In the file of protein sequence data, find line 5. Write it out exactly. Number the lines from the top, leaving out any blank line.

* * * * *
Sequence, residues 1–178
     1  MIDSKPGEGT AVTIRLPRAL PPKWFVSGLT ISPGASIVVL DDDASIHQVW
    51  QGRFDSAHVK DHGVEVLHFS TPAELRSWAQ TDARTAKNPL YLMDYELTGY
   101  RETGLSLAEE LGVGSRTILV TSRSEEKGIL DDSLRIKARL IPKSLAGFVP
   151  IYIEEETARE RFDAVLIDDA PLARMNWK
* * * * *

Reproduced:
   151  IYIEEETARE RFDAVLIDDA PLARMNWK